The Java Hammer

Back in Olden Times, I was a craftsman, with my ever-versatile Java Hammer always by my side.

The Java Hammer (made by the Sun Quality Tool Company) was a magnificent specimen, wielded across the world in equal measure by the adept, and the inept – used to construct a mind boggling proportion of the digital world during that age. There were other tools available, falling in and out of favour as time went on, but none surpassed the popularity of the Java Hammer, leading to an awe-inspiring range of compatible Java Nails being produced to fulfill whatever construction need was on the bill.

A digital painting of a proud engineer craftsman wearing a t-shirt, holding a cup of coffee, wielding a big hammer. Thanks DALL-E

The things I regularly hit with my Java Hammer included:

  • Applets to run in the browser
  • Desktop applications with Swing and JWT/SWT
  • Games with JOGL
  • Web services (smaller construction projects) with Play and Spring
  • Web services (cross-country sprawling construction ventures, mired in bureaucracy and unnecessary complexity) with Java EE
  • Simulations with Akka
  • Controlling Lego robots with Lejos
  • Games for Feature Phones with MIDP and J2ME
  • Android apps and games
  • Data processing with Hadoop and Spark
  • Interfacing with hardware projects or lower-level libs with JNI
  • Making Java Cards (smart cards) do silly things

Nowadays, my Java Hammer is a bit worn around the edges, the handle has all but fallen off, and it gives me splinters. After decades of additions to the Java Hammer (with a combination of gaffa tape and Java Nails), there are so many bits dangling off, it’s difficult to know how to use it properly.

Worse still, some of the types of Java Nails I used to depend upon have stopped being manufactured, and the supposed replacements (Instant Grab Adhesive by the JavaScript and Canvas Corporation, or High Tack Grip Filler by Electron LLC) give me a headache from the fumes.

Over the last 30 or so years, I have amassed quite an arsenal of weaponry to tackle some of the things that Java Hammers were capable of (not necessarily “good at” but got the job done):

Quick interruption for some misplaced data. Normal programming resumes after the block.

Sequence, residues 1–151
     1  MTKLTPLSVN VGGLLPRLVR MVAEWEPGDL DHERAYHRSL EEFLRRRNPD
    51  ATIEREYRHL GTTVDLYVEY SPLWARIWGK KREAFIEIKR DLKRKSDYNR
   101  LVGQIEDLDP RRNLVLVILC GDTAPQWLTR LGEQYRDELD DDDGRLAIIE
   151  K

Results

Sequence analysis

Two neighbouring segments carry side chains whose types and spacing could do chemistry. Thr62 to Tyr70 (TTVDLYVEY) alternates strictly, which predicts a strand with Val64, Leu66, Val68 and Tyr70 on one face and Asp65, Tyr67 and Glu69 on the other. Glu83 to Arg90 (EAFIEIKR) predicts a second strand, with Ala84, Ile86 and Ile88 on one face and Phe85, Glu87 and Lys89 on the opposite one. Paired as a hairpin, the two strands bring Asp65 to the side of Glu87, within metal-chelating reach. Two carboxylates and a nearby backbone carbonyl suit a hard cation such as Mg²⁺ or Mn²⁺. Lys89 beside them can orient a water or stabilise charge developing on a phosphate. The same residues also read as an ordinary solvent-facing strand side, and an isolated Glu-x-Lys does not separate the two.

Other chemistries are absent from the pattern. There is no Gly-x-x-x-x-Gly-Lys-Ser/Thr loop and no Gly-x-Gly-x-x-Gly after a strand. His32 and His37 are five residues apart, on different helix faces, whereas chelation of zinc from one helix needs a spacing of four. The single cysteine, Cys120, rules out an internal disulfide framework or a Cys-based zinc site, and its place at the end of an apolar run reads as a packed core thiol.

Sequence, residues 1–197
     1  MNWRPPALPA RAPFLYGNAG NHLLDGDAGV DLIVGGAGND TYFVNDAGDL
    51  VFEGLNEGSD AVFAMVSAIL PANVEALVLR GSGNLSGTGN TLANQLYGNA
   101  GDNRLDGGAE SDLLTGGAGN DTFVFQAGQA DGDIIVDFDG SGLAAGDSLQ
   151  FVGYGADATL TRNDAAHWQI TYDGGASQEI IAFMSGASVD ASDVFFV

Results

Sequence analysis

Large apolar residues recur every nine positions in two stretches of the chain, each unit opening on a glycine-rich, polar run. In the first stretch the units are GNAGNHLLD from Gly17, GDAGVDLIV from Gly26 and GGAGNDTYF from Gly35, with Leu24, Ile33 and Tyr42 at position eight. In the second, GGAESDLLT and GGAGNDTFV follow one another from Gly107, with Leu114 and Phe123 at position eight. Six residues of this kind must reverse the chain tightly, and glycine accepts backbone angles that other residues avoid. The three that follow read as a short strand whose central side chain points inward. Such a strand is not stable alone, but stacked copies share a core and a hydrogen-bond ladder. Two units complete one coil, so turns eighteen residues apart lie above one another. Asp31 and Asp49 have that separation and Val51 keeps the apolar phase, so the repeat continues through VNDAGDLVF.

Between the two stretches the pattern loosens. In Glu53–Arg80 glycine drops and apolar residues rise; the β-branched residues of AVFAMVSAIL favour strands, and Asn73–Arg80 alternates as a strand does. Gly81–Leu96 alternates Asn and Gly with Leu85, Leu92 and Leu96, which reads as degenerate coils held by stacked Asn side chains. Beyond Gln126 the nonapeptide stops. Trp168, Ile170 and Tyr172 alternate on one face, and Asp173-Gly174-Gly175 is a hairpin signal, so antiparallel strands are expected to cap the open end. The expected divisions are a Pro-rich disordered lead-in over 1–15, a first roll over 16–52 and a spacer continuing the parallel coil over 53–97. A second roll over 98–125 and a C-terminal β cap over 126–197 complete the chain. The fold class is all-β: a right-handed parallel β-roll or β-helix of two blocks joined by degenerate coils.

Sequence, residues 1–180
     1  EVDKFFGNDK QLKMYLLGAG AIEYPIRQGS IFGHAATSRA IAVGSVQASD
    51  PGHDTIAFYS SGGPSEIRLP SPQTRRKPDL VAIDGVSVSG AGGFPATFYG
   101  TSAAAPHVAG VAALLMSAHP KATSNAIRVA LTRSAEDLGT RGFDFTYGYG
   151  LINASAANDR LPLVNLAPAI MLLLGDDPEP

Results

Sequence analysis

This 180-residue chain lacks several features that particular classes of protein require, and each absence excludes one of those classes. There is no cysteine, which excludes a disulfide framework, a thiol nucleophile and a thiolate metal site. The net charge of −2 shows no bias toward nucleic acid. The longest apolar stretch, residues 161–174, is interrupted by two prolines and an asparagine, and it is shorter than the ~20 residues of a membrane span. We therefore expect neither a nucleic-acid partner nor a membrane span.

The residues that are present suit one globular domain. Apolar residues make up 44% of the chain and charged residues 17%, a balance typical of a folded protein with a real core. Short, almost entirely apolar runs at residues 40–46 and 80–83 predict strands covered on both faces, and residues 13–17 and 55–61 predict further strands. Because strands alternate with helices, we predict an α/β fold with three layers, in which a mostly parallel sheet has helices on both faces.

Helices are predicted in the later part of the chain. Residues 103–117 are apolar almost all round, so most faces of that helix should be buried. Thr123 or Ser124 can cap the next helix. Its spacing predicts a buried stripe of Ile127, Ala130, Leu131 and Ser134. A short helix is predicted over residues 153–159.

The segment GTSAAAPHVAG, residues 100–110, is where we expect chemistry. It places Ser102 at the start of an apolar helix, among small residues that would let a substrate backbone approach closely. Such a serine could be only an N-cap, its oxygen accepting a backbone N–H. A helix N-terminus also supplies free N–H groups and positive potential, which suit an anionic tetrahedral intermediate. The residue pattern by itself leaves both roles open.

• Basic (even VBA/VBS on occasion)
  • Pascal (with Delphi/Kylix)
  • C/C++ (with QT/GTK+/wxWidgets/Dear ImGui/FLTK, Unreal)
  • C# (with WPF, Unity)
  • Z80 ASM (my calculator needed some love)
  • Prolog
  • Python ❤️ (with django, flask, …)
  • PHP (with Cake, Silex, Symphony, Laravel, and of course WordPress!)
  • Ruby (and Rails)
  • All the “Web Stuff” (html/js/css, Ajax (lol), Prototype, jQuery,, MooTools, AngularJS, Angular, React)
  • JavaScript (node and everything alongside it)
  • Dart / Flutter
  • Erlang ❤️ (with Cowboy)
  • Go (with Gin)
  • Rust (with winit, warp)
  • Nim
  • Zig

and probably a few more along the way that I’ve built the odd cabinet here and there with. This doesn’t even touch on all the auxillary stuff (build tools, hosting providers, infrastructure management, containers, monitoring, …..)

So nowadays, when I want to build something new, what do I pick? I have a few standard gotos for “boring stuff”, but if it’s a new idea, I’ll pick up my absolutely enormous toolbag, rifle around inside until I find a tool roughly appropriate for the job, and immediately realise the ecosystem has changed so dramatically in the last 12 months that the tools I thought I knew have changed shape. There’s a parallel trend to make everything in the browser (or outside the browser, in a browser wrapper like Electron) – and that feels odd too. There’s a growing hype-movement towards Rust For Everything – maybe that’s the future?

Maybe I just want my Java Hammer back.







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